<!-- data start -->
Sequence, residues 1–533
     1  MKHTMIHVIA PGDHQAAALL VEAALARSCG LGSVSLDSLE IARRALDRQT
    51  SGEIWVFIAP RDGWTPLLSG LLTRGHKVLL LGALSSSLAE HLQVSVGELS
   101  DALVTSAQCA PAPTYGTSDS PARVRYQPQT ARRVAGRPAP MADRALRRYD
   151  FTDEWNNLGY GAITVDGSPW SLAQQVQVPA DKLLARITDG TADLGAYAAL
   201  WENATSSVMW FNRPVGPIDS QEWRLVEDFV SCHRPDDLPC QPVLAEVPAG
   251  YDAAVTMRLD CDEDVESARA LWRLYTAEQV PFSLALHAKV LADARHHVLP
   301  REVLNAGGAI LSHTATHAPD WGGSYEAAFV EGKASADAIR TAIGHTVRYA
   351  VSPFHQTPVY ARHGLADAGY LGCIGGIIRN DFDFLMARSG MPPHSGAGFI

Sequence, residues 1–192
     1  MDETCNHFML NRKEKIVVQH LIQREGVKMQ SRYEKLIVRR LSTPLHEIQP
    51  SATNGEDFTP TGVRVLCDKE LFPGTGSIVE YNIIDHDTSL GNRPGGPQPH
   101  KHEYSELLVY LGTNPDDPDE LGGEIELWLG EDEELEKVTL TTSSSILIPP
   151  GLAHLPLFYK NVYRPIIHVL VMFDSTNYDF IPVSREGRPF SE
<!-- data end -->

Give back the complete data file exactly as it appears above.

Sequence, residues 1–533
     1  MKHTMIHVIA PGDHQAAALL VEAALARSCG LGSVSLDSLE IARRALDRQT
    51  SGEIWVFIAP RDGWTPLLSG LLTRGHKVLL LGALSSSLAE HLQVSVGELS
   101  DALVTSAQCA PAPTYGTSDS PARVRYQPQT ARRVAGRPAP MADRALRRYD
   151  FTDEWNNLGY GAITVDGSPW SLAQQVQVPA DKLLARITDG TADLGAYAAL
   201  WENATSSVMW FNRPVGPIDS QEWRLVEDFV SCHRPDDLPC QPVLAEVPAG
   251  YDAAVTMRLD CDEDVESARA LWRLYTAEQV PFSLALHAKV LADARHHVLP
   301  REVLNAGGAI LSHTATHAPD WGGSYEAAFV EGKASADAIR TAIGHTVRYA
   351  VSPFHQTPVY ARHGLADAGY LGCIGGIIRN DFDFLMARSG MPPHSGAGFI

Sequence, residues 1–192
     1  MDETCNHFML NRKEKIVVQH LIQREGVKMQ SRYEKLIVRR LSTPLHEIQP
    51  SATNGEDFTP TGVRVLCDKE LFPGTGSIVE YNIIDHDTSL GNRPGGPQPH
   101  KHEYSELLVY LGTNPDDPDE LGGEIELWLG EDEELEKVTL TTSSSILIPP
   151  GLAHLPLFYK NVYRPIIHVL VMFDSTNYDF IPVSREGRPF SE